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ThinkTank® Requirements Workshops: Can it really be fast & fun?

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ThinkTank® Requirements Workshops: Can it really be fast & fun?

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Ajouté le : 21 juillet 2011
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ThinkTank®Requirements Workshops: Canitreallybefast&fun?
Copyright 2007 GroupSystems Corporation.All rights protected and reserved.
Requirements Gathering
“Analystsreportthatasmanyas71%ofsoftwareprojectsfailbecauseofpoorsoftwarerequirements."CIOMagazine.“UsingGroupSystemsallowedustorapidlyvalidatethedirectionourapplicationwastaking,andgatherhardrequirementsfromusersinaminimalamountoftime.Aweeklongmeetingwouldhavebeenneededtoaccomplishwhatwedidin8hours.“IBMProposalSupportManagerata1dayRequirementsGatheringSession“Wearemonthsaheadofwherewewerejusttwodaysago,”SAIC.The ThinkTank® advantage for Requirements Workshops IncreaseManagement commits appropriate participants because involvement is Participation limited More stakeholders can effectively participate in the same workshop Virtual participants stay engaged because they see and add to all requirements/ideas/comments in REAL TIME It’s FUN! Gain Buy-inParticipants get full opportunity to express their needs. Reports reflect stakeholder input – verbatim Prioritization process enables “organization-wide” perspective IncreaseSupplement discussion with simultaneous entry of requirements by all Efficiency stakeholders Workshops get completed in days, not months Automatically generated requirements specification in Word, Excel or HTML Easy export to Project or Requirements Management tools Reduce travel for virtual participants Reflect realOption for anonymous input enables frank discussion of sensitive topics prioritiesParticipants rank requirements on a scale from "must have" to "nice to have" Project team ranks requirements on effort, feasibility Requirements management is the art and science of gathering and managing user, business, technical, functional, and process requirements within a product development project. The project could be for a new consumer product, a web site, a system or a software application. It’s an extremely complex task. Project leads must balance the different perspectives of multiple stakeholders and overcome the leading causes of project failures: incomplete requirements, lack of user input, and changing requirements. Tools for Managing, Not Collecting Requirements There are tools for managing requirements; such as IBM Requisite Pro, DOORS, Rally Software, and GatherSpace, but none of these products help elicit requirements from stakeholders. For that, several methodologies have been developed over the years attempting to optimize requirements gathering: Participatory Design, Rapid Application Design, Requirements Engineering, and Rational Unified Process to name a few. The common thread among these techniques, and where most of the benefits are derived is simply by 1) getting disparate stakeholders talking, 2) fostering user and developer communication; 3) recording what was decided.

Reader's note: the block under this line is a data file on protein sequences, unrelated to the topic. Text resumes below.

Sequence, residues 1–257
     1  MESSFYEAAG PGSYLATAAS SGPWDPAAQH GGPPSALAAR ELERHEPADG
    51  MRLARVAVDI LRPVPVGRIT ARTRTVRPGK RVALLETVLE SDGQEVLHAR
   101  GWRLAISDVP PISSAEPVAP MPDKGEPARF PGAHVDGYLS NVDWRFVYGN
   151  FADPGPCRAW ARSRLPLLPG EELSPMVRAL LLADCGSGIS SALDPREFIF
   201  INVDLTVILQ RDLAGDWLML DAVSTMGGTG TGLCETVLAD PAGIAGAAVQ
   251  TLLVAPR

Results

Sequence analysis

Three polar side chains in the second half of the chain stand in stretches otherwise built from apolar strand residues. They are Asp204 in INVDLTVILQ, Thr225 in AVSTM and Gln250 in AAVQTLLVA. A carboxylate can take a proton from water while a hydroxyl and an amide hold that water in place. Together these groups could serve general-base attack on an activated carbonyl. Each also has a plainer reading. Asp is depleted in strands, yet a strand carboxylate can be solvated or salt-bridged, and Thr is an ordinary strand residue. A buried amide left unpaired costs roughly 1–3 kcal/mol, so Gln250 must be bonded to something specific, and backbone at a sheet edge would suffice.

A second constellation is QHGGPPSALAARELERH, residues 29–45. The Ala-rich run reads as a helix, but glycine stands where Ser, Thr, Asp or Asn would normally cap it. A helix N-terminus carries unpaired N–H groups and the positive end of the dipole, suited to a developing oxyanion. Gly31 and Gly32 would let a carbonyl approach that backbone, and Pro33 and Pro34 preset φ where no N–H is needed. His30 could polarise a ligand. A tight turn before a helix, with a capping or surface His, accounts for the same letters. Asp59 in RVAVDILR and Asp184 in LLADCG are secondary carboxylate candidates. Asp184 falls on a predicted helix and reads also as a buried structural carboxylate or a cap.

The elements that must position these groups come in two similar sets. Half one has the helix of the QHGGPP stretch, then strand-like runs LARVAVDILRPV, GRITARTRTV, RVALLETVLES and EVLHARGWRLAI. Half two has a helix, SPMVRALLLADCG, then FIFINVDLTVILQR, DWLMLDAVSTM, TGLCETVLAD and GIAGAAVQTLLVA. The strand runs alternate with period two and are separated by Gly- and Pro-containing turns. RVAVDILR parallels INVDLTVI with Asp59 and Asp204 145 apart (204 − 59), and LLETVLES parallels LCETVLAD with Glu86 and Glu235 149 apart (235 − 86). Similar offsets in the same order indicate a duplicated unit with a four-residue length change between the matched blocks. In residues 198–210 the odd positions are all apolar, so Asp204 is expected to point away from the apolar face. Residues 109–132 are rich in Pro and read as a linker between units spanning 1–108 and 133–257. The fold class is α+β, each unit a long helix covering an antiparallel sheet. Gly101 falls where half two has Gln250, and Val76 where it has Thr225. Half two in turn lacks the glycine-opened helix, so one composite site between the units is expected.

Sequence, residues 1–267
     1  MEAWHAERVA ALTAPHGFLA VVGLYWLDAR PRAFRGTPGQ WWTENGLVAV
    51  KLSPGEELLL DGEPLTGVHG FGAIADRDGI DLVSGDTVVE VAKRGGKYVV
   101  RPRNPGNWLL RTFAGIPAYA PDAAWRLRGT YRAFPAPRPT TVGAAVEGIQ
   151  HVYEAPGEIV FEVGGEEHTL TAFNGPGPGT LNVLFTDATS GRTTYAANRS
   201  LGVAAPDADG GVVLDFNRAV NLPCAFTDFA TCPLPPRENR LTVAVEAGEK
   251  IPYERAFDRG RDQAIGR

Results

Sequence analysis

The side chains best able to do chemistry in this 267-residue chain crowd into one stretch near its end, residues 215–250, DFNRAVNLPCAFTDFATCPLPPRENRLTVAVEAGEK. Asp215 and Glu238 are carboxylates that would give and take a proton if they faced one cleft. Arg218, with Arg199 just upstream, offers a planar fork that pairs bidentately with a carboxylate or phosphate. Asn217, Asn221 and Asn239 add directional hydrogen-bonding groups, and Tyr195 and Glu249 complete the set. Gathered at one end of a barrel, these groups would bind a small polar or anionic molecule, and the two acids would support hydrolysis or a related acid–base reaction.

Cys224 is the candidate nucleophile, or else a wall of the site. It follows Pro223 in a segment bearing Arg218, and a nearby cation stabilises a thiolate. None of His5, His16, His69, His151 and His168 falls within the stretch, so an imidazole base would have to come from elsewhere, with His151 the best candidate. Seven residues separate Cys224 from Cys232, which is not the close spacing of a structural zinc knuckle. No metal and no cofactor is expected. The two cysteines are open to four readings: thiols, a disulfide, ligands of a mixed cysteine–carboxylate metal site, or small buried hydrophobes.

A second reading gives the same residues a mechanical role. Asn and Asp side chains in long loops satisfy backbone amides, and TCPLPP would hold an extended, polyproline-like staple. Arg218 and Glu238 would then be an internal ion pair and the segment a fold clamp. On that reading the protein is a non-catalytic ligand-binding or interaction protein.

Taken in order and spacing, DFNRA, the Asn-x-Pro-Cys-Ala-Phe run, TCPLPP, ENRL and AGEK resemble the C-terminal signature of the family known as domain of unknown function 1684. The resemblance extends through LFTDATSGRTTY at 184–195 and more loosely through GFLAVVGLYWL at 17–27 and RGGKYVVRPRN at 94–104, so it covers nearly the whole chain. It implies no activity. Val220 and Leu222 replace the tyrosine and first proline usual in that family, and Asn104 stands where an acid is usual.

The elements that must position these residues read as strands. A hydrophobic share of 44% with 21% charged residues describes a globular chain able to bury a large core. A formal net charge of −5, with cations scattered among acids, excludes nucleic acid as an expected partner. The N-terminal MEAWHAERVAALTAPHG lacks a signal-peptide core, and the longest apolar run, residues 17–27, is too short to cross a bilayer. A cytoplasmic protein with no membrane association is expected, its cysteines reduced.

Requirements Gathering